The plot centres on Jenna (Katharine McPhee), a waitress and skilled pie maker at a local diner, whose life is thrown into chaos upon realising she’s fallen pregnant at the hands of her abusive husband, Earl (Peter Hannah). With the support of her two colleagues and friends, Becky (Marisha Wallace) and Dawn (Laura Baldwin), and her new gynaecologist Dr Pomatter (David Hunter), she is forced to make choices for herself and her child that question what true happiness entails and whether motherhood and a career are allowed to thrive in tandem.

Jessie Nelson’s book delivers a beautiful blend of delicious comedy and more complex ruminations on the greyer morality of relationships to mull over – with both Jenna and Becky in unsatisfying relationships, and Dawn desperately seeking love, they make a lot of questionable choices that are ultimately treated with sympathy and understanding by the script, as well as by Diane Paulus’ direction, and Sara Bareilles’ music and lyrics. Certain moments feel like tired tropes being wheeled out, such as Dawn suddenly being seen as more attractive after taking off her glasses and letting her hair down, and the end of the show dismisses some of the nuanced ingredients it was mixing for the sake of a more sickly-sweet conclusion that felt like it was just trying to wrap everything up neatly, but overall Waitress features a smart and sensitive script with a magnificent sense of humour.

Bareilles’ songs amplify this too, with the pop-fuelled score incorporating soaring melodies and beautiful harmonies to punctuate character moments and relationships, and keep the tone and atmosphere firmly pinned to the setting of the American South. Particular highlights are Dawn’s neurotic ‘When He Sees Me’ and the Act One finale ‘Bad Idea’, as well as its reprise in Act Two – the hugely theatrical nature of these songs allowed for slick and dynamic choreography from Lorin Latarro, creating a visual and audial combination that was an absolute joy to consume.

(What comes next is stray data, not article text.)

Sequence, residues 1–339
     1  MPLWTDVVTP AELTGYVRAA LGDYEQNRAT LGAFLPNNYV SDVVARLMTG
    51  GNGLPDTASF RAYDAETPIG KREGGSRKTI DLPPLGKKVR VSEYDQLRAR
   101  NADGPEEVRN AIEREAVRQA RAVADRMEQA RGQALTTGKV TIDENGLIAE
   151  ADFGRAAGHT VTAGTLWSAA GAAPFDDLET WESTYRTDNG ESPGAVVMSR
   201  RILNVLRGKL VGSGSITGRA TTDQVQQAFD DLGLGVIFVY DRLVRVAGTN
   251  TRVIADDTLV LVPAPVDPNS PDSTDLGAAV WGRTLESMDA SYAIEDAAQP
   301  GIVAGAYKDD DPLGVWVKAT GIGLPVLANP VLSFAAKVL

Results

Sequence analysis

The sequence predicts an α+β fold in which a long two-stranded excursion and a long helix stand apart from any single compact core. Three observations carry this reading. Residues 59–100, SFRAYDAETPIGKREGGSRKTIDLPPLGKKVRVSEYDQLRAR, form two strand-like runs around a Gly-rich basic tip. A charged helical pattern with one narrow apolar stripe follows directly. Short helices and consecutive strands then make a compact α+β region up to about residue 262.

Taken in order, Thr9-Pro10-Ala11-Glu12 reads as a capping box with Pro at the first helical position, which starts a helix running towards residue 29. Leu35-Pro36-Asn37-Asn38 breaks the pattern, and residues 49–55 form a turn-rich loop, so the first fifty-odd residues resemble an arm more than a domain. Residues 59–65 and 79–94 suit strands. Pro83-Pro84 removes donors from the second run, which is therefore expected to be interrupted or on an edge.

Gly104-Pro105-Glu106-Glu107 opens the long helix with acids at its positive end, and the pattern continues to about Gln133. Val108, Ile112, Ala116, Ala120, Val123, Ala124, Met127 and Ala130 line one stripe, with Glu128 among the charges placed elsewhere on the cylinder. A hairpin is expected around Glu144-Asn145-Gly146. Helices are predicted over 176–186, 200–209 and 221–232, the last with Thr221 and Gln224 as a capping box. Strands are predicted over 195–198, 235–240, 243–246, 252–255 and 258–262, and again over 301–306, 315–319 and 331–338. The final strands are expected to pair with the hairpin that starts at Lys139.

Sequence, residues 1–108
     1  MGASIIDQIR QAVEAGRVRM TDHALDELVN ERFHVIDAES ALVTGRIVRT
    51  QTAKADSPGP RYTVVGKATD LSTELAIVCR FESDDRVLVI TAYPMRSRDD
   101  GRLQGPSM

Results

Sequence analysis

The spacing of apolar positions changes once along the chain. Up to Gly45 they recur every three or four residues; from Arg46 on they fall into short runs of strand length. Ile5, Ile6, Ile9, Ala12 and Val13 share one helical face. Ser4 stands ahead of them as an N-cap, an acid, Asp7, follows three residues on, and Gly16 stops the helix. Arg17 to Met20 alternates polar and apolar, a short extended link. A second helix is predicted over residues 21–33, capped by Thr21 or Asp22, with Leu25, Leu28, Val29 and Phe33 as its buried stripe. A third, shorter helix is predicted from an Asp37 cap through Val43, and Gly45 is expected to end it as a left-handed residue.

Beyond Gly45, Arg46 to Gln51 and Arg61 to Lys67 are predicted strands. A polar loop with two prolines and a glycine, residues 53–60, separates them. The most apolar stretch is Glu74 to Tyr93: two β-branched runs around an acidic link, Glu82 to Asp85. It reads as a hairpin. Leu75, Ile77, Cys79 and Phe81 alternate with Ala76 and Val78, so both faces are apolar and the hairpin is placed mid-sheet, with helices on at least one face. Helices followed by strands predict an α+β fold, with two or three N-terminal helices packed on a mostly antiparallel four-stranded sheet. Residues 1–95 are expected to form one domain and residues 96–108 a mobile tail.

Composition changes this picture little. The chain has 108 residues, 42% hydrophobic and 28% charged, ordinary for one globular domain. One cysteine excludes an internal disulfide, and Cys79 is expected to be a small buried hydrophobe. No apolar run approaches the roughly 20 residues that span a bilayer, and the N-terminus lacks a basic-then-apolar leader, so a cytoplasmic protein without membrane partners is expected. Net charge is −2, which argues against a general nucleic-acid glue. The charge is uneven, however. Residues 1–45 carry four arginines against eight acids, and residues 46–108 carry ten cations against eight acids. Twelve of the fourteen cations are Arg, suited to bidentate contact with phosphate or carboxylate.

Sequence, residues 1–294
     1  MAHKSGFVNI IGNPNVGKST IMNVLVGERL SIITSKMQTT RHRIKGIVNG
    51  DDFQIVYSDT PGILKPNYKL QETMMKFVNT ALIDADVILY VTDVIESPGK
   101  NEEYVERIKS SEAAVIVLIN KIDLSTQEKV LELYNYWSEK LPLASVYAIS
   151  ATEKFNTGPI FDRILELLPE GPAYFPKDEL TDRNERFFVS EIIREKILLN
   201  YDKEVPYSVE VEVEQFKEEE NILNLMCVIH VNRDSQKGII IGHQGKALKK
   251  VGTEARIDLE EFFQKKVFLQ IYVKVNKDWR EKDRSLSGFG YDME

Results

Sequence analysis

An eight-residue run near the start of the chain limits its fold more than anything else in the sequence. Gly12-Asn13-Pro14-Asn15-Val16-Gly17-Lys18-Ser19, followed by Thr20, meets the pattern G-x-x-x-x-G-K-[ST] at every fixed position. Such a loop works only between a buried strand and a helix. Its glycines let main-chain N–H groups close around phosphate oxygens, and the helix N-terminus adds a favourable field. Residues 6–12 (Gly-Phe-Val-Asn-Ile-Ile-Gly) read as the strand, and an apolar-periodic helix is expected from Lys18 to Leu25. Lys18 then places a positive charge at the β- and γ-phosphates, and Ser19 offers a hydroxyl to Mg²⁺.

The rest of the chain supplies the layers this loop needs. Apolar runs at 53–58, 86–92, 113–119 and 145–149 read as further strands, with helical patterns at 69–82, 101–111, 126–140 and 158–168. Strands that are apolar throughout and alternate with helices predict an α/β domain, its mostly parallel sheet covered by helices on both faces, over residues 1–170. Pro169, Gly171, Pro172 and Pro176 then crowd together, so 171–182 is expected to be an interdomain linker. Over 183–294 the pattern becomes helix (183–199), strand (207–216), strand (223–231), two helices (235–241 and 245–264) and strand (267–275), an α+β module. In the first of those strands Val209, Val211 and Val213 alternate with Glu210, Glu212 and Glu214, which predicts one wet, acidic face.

The performances were ceaselessly strong all round. McPhee’s vocals were heavenly in the show’s signature song, ‘She Used to Be Mine’, and Wallace and Hunter brought an enrapturing amount of depth and empathy to their respective characters of Becky and Dr Pomatter. Jack McBrayer also demonstrates his scene-stealing comic prowess as Dawn’s love interest Ogie. Paulus’ direction brings out the best in all the characters and keeps the show moving at a tight pace, allowing everyone’s creativity to shine through when needed.

Waitress is not flawless, and is in no way a revolution for musical theatre, but the restless sense of joy and fun it invokes cannot be overstated – this show is utterly delectable.

 

Reviewed by Tom Francis

Photography by Johan Persson

 

Waitress The Musical

Waitress

Adelphi Theatre until 19th October

 

Last ten shows covered by this reviewer:
Motherhood or Madness | ★★★ | Katzpace Studio Theatre | November 2018
Specky Ginger C*nt | ★★½ | Katzpace Studio Theatre | November 2018
Pinocchio | ★★ | The Albany Theatre | December 2018
Fight Night | ★★★★ | The Vaults | January 2019
Original Death Rabbit | ★★★★★ | Jermyn Street Theatre | January 2019
[Title Of Show] | ★★★★ | Above the Stag | February 2019
BackPAGE | ★★½ | Lion & Unicorn Theatre | February 2019
Black Is The Color Of My Voice | ★★★ | Trafalgar Studios | February 2019
Soul Sessions | ★★★★ | Trafalgar Studios | February 2019
Talk Radio | ★★★½ | The Tower Theatre | March 2019